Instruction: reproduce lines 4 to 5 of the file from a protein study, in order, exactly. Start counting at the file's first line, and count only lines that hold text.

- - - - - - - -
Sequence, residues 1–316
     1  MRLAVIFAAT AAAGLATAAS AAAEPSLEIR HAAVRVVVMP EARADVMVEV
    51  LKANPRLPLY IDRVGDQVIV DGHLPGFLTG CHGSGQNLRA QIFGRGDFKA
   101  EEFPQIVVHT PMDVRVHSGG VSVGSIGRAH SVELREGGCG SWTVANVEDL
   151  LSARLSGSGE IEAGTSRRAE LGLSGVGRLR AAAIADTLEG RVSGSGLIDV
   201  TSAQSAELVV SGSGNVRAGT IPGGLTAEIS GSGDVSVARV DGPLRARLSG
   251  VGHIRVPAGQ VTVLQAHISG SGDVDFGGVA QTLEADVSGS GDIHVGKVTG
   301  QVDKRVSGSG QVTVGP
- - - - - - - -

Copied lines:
   101  EEFPQIVVHT PMDVRVHSGG VSVGSIGRAH SVELREGGCG SWTVANVEDL
   151  LSARLSGSGE IEAGTSRRAE LGLSGVGRLR AAAIADTLEG RVSGSGLIDV